Teens have many different reasons for wanting to spend time with parents. Age, peer groups, and home environment can influence the relationship between parents and teens and will be reflected in what fun time looks like. In casual interviews, I have found that most youth, eleven to fourteen, actually want to spend time with their parents. They get excited about little things like playing baseball or going out for ice cream. Girls in this age group seem more in need of dad time. The girls with the best relationships with their dads talk about consistent fun date nights together.

Twelve to thirteen-year-olds express deeper longing and need for their parents. They say things like, “I need my dad to help me with school stuff,” or, “ I wish my mom would help me sort out my problems.” Junior High is a confusing time and children in this age group often need assurance that they are OK. Spending fun time with your child is a perfect way to get them talking and reassure them with your presence.

Fourteen and fifteen-year-olds are embarrassed to admit they like to be with their parents. Once they are away from friends, they often admit the biggest thing they need is down time with less stress from school and pressures to be perfect. They long for fun, mindless activities that may involve food or shopping! Sharing a hobby or an activity they loved as a child can help ease the pressure.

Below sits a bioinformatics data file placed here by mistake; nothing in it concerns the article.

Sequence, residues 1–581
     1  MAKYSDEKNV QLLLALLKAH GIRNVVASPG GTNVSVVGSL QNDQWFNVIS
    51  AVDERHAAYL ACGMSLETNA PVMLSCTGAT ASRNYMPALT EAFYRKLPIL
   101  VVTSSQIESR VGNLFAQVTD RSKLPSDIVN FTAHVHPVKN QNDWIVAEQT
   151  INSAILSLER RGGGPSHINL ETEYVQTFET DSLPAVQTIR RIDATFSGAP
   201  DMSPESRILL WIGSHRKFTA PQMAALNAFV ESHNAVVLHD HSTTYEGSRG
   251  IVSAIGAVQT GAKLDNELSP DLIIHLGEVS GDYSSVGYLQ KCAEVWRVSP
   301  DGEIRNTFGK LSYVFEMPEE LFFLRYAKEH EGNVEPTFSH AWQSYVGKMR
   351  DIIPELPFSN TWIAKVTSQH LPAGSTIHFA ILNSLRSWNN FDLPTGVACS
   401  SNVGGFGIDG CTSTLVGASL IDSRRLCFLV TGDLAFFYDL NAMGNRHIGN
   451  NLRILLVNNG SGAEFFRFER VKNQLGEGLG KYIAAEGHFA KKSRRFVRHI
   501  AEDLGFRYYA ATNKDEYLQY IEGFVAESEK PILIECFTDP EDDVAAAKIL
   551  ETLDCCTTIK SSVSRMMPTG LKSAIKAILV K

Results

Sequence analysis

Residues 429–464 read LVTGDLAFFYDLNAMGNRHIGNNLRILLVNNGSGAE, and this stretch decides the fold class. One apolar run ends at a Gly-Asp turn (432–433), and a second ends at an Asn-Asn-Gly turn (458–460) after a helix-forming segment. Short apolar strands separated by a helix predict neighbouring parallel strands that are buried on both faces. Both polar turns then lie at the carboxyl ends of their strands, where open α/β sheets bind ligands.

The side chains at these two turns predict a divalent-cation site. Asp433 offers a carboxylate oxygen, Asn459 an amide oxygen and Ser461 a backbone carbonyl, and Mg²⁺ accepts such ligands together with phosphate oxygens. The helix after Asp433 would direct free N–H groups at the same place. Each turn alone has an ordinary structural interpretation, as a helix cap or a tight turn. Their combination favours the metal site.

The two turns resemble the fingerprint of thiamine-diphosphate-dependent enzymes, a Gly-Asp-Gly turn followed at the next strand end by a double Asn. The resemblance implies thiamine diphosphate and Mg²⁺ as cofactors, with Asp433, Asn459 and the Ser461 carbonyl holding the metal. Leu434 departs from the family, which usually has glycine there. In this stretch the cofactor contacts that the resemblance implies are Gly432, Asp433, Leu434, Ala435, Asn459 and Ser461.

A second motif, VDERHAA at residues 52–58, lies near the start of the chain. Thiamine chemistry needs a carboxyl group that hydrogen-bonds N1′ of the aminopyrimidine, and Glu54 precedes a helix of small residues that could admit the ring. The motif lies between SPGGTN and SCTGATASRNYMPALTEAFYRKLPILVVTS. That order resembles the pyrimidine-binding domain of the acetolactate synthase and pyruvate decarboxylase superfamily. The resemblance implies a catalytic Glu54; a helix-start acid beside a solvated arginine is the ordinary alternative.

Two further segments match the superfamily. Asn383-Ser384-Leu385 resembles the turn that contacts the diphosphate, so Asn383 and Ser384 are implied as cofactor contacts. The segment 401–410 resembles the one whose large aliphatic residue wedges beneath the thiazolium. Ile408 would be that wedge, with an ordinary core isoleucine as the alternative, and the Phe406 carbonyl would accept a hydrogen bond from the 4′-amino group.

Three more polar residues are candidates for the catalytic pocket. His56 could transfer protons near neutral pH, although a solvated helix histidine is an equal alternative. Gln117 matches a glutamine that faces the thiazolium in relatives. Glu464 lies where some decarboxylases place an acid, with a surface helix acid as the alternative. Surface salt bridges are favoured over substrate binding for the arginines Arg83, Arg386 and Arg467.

Older teens and young adults may need parents most of all, although they will never let you know it. A fierce need for independence often wages war against a need for Mom or Dad’s protection from fears of a confusing adult world. Providing fun interactions for older teens will offer them reassurance that you are still available when they need you

No matter your child’s age or condition of your current relationship, setting aside some fun time can be a great way to begin to build stronger, healthier relationships.

Take Five Action Steps

Think about these ideas for some fun times to help you put aside the pressure and demands of life and reconnect with your child.

Remind them of something you used to have fun doing together. Find an old picture to get the conversation going. “I found this old picture and it got me thinking about when we used to…” Listen carefully to your son or daughter’s response. If they start talking, watch for clues. See if you can pick up on what they miss most about spending time with you.

Follow up with an invitation to take a trip down memory lane in real time. Ask if they would join you in a favorite pastime. Fishing, go-carts or just tossing a ball around in the yard may be a good bridge to start having fun together again.

Talk about what you like to do together. Try to find common interests. Books- Go to a bookstore to browse. War memorabilia-visit a museum. Travel-rent a travel movie and cook ethnic food together. When you are together doing something you both enjoy, fun is almost guaranteed.

Schedule a ‘date night’ with your son or daughter. If the first date goes well, schedule another. Take turns planning the activities. Make one-on-one time with your child a consistent priority.

Don’t forget to laugh. Replace serious conversations with light-hearted topics. Tell a joke or watch a funny movie. Sometimes laughter is the best medicine of all.